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Artist welcomes opening up with works that invite interpretation

Her works for Chromatic Musings are an interplay of fabrics, with shades emerging through rips and tears to create abstract patterns.

Vaishali Oak’s works are an interplay of fabrics. (Express photo)

After the second wave — and with a large section of people in Pune vaccinated — one of the first art exhibitions to open in the city was Chromatic Musings, a solo by Vaishali Oak, at Vida Heydari Contemporary Gallery in Koregaon Park. With fibre as her medium, Oak set out to bring colour into a world that was returning to normalcy after a year-and-a-half of anxiety and seclusion.

“We have put up a horizontal work on the right wall, partially visible from outside, which appears to call viewers to step inside with the promise of more,” says the artist.

Oak is a painter by education, but her early experiments in water colour made way for paper collages in 1997-98. Soon, she was drawn towards fabric collages, inspired by her mother and her grandmother who would sew and stitch.

“One day, on my way to yoga class, I saw godhadi quilts drying and I was fascinated. I went back there, with a camera, and spent time and studied the quilts. Over the next couple of years, I worked deeply with this quilting form with its multiple layers and textures,” she says.

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Her works for Chromatic Musings are an interplay of fabrics, with shades emerging through rips and tears to create abstract patterns.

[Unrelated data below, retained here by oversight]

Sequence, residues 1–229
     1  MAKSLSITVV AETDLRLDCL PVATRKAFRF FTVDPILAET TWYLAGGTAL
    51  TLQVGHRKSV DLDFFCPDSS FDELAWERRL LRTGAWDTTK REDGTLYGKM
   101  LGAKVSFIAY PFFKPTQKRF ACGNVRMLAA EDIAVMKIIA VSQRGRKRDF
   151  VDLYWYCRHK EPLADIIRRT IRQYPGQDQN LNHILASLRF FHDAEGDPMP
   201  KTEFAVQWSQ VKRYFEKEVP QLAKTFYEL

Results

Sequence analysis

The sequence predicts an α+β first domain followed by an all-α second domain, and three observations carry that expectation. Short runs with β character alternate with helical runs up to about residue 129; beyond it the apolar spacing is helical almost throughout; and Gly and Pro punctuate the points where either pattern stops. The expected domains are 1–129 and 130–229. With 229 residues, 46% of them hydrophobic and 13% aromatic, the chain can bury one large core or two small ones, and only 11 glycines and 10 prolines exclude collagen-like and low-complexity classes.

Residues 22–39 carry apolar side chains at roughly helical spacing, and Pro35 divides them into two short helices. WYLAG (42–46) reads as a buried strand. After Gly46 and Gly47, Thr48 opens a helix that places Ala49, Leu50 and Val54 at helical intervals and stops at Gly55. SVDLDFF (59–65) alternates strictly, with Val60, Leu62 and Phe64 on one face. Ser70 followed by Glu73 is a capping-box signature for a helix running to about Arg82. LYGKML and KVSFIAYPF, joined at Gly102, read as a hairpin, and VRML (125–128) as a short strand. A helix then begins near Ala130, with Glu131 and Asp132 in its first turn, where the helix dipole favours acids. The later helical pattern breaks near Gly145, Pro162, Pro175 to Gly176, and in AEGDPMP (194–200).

Chromatic Musings comprises a new body of Oak’s fabric assemblages that explore nature-inspired forms and textures. The works in the show act as a meditative tool for the artist, helping her to delve deeper, literally and figuratively, to uncover latent designs and thoughts.

“My works are not representational. There is no recognisable thing, like flowers or clouds. Since childhood, we are taught to link words with objects but, it is when we don’t say with words that we begin to communicate through feelings. When people see the works in Chromatic Musings, they connect it with their own visual and vocabulary experiences. As a result, every individual interprets the abstract works differently,” says the artist.

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First published on: 04-11-2021 at 01:06:37 am
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